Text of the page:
Tuesday, September 30, 2014

Auguste Rodin

Auguste Rodin (1840-1917) has become so famous that it can be hard to appreciate what a great sculptor he was. Everyone knows The Thinker -- but, really, before it became an icon it was a terrific piece of work.

Rodin was the son of a policeman and a seamstress, and when his artistic talent became apparent they sent him to a school that trained skilled artisans like cabinetmakers. Reaching higher, he applied to the École des Beaux-Arts, but was turned down. So instead of formal training he entered an apprenticeship with Albert-Ernest Carrier-Belleuse, one of those artists who was mainly a salesman for a workshop where his badly paid, overworked assistants did all the sculpting. Still, given how Rodin turned out he must have learned the important things. (The Man with the Broken Nose, 1874)

Rodin was badly nearsighted, and this problem grew worse with age. It may have partly because of his poor eyesight that he got so much pleasure from working with clay. Clay was really his medium; it was in shaping clay that he did his creative work. He did many terracotta works that were never rendered into marble or bronze, and in fact some of the bronze and marble works for which he is best known today were made by others. Those that Rodin finished have a rough quality, still visibly bearing the mark of their maker's clay-shaping hands. (Terracotta study for Eustace de Saint-Pierre, 1885)

Rodin was no prodigy; his oldest surviving works dates to the mid 1870s, when he was entering middle age. The first full-sized work that he exhibited under his own name was The Bronze Age, 1877.

Rodin as a young artist, in 1862. He seems to be glaring, but I think that expression is actually a nearsighted squint.

Rodin was obsessed above all with faces and hands -- these were the bearers of meaning for him. He was fascinated by nineteenth-century theories about how climate shaped human life, and he believed that the people of each region shared a common physiognomy. Thus when he was commissioned to create a portrait of Honoré de Balzac, he went to Tours where Balzac grew up and persuaded half a dozen men who looked vaguely like Balzac to sit for portraits. This is one of those preparatory studies, said to be a street car conductor named Estager (1891).

Victor Hugo, 1883.

In 1880 Rodin received a commission that in some ways dominated his career. This was for a doorway to a new museum in Paris. Rodin decided to base his doorway on Dante's Inferno, and the resulting creation is known as the Gateway to Hell. However, Rodin never finished his masterpiece; it was never cast in its entirely until after his death. Instead he spent 37 years tinkering with various designs and sculpting various elements of the composition.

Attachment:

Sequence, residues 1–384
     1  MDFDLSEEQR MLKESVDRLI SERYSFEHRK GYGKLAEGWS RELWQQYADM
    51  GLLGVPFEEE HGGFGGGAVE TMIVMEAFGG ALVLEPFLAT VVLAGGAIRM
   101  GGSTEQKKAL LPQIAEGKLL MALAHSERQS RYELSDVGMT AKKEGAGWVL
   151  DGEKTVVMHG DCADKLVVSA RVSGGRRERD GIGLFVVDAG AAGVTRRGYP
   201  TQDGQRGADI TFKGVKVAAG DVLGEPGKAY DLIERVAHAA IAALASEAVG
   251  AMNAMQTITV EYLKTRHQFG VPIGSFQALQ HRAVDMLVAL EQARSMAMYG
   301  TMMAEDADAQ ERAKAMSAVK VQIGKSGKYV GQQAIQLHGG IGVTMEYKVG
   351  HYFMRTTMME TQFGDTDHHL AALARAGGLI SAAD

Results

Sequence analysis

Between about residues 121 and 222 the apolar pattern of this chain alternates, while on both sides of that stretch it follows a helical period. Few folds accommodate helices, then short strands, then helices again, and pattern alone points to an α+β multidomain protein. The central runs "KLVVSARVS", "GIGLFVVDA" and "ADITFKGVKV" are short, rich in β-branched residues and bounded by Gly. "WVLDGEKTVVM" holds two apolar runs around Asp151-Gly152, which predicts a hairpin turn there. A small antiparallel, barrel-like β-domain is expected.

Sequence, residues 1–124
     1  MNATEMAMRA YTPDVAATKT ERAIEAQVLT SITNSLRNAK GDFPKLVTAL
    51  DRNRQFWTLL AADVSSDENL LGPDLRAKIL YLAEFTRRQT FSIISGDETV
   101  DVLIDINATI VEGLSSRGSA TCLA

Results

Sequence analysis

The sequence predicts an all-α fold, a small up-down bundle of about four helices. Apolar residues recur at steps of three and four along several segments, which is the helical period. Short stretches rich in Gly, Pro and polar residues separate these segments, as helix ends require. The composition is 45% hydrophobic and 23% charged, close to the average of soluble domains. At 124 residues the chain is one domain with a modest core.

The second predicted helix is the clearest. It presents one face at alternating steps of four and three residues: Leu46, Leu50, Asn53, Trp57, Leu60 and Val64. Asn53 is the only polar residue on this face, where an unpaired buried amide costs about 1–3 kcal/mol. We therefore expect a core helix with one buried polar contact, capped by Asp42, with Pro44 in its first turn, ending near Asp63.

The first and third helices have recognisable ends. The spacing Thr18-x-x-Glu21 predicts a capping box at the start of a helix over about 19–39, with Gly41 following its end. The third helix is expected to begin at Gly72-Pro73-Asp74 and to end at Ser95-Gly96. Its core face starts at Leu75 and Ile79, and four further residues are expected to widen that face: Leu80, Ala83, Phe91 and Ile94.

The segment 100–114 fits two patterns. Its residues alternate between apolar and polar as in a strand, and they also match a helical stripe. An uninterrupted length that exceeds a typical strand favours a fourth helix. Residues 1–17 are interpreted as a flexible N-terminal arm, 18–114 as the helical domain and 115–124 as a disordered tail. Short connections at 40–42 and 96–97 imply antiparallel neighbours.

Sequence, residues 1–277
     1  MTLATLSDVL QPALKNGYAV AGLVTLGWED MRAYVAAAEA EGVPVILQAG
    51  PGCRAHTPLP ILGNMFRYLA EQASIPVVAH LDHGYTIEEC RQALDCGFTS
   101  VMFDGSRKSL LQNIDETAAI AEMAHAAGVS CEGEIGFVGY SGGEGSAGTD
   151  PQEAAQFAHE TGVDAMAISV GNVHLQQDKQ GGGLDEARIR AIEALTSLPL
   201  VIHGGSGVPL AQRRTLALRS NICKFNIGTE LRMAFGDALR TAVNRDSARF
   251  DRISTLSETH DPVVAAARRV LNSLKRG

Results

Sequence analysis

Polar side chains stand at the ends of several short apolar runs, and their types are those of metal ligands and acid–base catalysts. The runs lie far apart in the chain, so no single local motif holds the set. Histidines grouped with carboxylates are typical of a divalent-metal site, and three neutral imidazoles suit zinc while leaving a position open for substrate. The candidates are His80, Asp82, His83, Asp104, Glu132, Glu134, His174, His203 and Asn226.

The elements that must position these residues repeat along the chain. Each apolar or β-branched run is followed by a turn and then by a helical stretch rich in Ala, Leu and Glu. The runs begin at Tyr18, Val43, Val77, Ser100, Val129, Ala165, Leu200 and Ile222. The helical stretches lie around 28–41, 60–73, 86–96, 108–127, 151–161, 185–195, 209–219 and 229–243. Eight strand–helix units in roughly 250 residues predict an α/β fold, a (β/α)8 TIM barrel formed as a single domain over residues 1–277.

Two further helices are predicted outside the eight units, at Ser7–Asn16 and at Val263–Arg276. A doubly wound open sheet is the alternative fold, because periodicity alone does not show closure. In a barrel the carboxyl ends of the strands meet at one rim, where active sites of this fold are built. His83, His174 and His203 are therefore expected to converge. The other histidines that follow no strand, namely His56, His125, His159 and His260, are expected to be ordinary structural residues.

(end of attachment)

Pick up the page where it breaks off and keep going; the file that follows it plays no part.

Several of Rodin's most famous works were originally conceived for these doors. The Thinker sits in the center; around him are Eve, The Kiss, I am Beautiful, and others; at the top are the Three Shades.

The Kiss in marble, 1882.

The Three Shades.

Rodin at the height of his career.

Another of Rodin's hugely famous works is The Burghers of Calais (1889). This was commissioned to promote French patriotism in the aftermath of the disastrous Franco-Prussian War. It depicts the six leading men of Calais who volunteered to serve as hostages to Edward III of England when he threatened to destroy the city in 1346. The commission called for a heroic monument focusing on Eustace de Saint-Pierre, their leader, but Rodin made it clear he had no interest in such a treatment. Instead he rendered all six men as equally important, all individuals reacting in different ways to the crisis. Rodin's preliminary models divided the commissioners, but eventually they decided to proceed with Rodin's design, and the result was an immediate success. Millions of people have felt ever since that these dignified old men have a heroism beyond that of any conqueror on horseback.

Danaïd, 1889.

Georges Clemenceau, 1911-1913, terracotta. According to the Rodin Museum, this commission
gave rise to several studies and variants : “In the room he used as a studio, ten or so clay heads of Clemenceau, cut off at the neck, stood on turntables and consoles. It was incredible… Rodin sculpted as an engraver produces aquatints, in states. In order not to ‘tire’ his clay with numerous amendments, he had several casts made, experimented on these successive copies and thus reworked them ten or even twelve times…” Clemenceau did not like his bust. He said that Rodin had made him look like a soldier of Napoleon’s old guard and refused to let him show it at the Salon of 1914.
Clenched Hand, 1895.

No comments: